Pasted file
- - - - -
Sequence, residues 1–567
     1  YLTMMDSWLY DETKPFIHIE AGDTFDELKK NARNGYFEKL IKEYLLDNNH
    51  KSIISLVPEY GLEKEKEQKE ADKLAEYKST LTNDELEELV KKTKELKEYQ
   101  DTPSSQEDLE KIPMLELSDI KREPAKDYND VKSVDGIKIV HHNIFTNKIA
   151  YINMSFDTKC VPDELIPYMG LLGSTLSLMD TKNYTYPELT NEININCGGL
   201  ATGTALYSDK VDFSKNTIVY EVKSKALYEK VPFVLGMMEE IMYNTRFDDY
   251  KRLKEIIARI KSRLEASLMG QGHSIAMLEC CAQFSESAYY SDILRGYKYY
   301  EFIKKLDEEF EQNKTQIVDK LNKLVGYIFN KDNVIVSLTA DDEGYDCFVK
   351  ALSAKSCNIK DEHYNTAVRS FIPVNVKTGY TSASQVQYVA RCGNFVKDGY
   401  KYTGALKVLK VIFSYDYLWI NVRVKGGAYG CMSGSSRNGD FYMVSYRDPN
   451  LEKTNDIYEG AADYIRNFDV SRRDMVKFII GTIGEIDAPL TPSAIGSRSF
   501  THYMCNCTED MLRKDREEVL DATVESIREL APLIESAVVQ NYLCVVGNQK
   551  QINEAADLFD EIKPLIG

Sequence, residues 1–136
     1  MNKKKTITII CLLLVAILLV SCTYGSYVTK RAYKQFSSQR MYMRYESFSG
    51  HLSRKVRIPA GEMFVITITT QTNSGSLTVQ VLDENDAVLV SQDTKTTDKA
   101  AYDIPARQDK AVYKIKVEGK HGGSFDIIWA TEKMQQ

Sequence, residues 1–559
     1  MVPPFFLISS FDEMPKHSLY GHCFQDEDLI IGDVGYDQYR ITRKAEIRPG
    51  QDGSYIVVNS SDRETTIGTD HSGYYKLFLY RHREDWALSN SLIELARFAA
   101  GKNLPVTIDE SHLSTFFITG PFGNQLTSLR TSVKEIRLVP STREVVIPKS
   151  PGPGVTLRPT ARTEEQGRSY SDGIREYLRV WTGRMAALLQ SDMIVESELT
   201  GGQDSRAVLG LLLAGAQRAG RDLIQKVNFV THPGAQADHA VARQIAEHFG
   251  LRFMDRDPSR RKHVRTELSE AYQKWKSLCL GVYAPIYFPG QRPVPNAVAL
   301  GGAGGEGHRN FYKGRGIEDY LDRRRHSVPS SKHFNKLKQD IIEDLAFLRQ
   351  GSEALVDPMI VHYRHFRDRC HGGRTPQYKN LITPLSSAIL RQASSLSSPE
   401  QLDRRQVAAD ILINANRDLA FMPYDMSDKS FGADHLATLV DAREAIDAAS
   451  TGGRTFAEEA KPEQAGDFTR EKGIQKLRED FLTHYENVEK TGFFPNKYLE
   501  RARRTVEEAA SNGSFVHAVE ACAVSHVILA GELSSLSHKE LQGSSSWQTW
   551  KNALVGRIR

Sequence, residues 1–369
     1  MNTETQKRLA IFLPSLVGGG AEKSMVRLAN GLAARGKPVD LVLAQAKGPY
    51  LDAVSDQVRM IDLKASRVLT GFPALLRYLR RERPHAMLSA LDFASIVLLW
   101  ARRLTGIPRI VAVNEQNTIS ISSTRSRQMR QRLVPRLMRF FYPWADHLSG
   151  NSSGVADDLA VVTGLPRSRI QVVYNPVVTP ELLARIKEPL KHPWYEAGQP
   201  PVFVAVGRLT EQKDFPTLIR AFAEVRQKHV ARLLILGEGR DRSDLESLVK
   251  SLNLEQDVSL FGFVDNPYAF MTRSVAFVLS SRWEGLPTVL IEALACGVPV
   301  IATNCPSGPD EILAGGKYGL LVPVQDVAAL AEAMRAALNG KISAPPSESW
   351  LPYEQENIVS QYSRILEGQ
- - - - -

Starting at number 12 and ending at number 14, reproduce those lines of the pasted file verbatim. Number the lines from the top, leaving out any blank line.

   501  THYMCNCTED MLRKDREEVL DATVESIREL APLIESAVVQ NYLCVVGNQK
   551  QINEAADLFD EIKPLIG

Sequence, residues 1–136